El Cid with Doña Jimena and his two daughters.

All this caused a great stir in that region; and when the people learned of the permission the king had granted that as many as chose could join the Cid, sixty knights came to the monastery, and a great number of squires on foot. These Alvar was glad to welcome, and he promised them the friendship of the Cid. The abbot wept when Alvar departed, and bade him kiss the Cid’s hand, and say that the monastery would never forget him and would pray for him every day in the year. Then Alvar departed with his company, and after five days they came to Medina Celi.

Now the three knights that Alvar had sent came to the Cid and delivered the message. When the Cid heard this he rejoiced, and said, “Blessed be God, since King Don Alfonso rejoices in my good fortune.” Then he called for certain of his knights and for the bishop, and bade them take a hundred knights and go to Molina, to Abencano, who was his friend, and bid him take another hundred knights and go with them as fast as they could to Medina. “There,” said he, “you will find Alvar and my wife and daughters; bring them to me with great honor. I will remain here in Valencia, which has cost me so much. It would be folly for me to leave it.”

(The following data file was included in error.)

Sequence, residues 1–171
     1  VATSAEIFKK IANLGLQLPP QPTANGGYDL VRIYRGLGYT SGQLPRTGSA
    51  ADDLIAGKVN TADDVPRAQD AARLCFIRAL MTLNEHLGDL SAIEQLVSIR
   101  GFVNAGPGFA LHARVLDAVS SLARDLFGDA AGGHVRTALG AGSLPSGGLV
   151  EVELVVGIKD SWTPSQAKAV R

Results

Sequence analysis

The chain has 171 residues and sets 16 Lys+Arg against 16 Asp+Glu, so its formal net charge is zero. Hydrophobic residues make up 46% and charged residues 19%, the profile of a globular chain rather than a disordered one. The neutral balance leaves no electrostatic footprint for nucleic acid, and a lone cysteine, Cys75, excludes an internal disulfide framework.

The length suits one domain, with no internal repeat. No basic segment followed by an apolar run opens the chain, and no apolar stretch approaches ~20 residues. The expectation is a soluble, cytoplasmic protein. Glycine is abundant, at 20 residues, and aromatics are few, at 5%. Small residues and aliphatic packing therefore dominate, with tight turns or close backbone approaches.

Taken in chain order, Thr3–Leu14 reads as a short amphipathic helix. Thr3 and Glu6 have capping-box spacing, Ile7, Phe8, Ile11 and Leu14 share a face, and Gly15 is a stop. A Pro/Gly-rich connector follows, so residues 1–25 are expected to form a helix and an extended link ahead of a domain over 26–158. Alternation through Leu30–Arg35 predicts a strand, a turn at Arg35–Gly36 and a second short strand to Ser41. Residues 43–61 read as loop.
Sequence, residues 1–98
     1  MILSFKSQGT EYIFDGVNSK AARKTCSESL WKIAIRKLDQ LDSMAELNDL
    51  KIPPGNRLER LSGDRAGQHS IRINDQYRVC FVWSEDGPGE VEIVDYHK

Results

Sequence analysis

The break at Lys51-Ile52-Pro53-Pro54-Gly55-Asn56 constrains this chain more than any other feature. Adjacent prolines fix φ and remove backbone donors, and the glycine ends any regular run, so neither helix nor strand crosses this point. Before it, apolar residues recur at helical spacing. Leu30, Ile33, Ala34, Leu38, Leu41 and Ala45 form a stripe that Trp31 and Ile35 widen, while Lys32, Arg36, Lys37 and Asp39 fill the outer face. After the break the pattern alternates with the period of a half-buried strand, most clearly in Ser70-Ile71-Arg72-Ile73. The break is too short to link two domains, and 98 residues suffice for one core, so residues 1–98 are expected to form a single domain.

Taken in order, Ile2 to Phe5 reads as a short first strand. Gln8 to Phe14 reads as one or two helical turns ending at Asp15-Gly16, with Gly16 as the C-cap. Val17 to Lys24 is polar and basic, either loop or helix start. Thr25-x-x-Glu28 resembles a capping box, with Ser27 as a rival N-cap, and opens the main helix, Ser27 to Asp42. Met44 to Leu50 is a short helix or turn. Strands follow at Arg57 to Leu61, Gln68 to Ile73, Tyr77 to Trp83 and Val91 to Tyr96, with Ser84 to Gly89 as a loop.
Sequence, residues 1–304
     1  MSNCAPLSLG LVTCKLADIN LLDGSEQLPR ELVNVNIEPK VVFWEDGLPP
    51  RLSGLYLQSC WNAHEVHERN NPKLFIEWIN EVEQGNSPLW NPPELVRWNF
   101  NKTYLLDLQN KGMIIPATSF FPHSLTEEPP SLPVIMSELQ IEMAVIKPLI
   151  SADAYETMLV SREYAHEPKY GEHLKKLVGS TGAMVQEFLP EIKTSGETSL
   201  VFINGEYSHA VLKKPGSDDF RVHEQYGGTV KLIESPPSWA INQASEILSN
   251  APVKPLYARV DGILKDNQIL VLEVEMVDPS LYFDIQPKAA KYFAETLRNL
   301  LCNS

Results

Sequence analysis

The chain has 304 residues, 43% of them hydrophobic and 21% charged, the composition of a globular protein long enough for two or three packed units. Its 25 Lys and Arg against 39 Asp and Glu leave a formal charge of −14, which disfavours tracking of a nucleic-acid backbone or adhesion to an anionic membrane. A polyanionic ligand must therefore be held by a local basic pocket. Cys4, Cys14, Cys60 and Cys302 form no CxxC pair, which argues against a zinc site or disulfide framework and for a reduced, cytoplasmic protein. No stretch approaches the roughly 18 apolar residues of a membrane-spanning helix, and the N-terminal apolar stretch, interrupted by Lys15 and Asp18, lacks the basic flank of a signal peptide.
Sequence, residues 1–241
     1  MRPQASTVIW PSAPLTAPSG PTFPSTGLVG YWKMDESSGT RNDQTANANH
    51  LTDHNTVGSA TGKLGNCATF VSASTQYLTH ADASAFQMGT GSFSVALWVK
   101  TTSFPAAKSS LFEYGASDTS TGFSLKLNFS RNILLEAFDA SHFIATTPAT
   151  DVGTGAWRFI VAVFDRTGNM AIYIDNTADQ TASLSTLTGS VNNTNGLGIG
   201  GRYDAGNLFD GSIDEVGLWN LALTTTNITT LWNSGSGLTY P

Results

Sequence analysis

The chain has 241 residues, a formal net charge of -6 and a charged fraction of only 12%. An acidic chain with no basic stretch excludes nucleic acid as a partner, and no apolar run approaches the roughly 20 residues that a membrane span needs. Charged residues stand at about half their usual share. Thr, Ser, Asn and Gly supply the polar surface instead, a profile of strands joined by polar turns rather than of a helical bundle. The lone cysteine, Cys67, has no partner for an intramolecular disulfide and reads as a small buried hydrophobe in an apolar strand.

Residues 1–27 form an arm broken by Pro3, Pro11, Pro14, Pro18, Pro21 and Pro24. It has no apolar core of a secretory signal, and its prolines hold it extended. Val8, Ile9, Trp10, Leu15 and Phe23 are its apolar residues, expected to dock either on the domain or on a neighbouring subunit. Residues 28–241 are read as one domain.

These men accordingly set off, and when they came to Molina, Abencano received them honorably and took with him two hundred knights. On the next day they took horse, and they crossed the mountains, which are great and wild, and passed Mata without fear, and they thought to go through the valley of Arbuxedo. The knights at Medina were keeping a good lookout, and Alvar sent a messenger to ask who these were who were coming. When he learned that men of the Cid had come to meet them, Alvar cried, “This instant let us to horse.” Then all mounted, and they rode on goodly horses with bells and trappings of silk, and they had shields round their necks, and lances with streamers in their hands. It was a brave sight to see Alvar with the ladies leave Castile.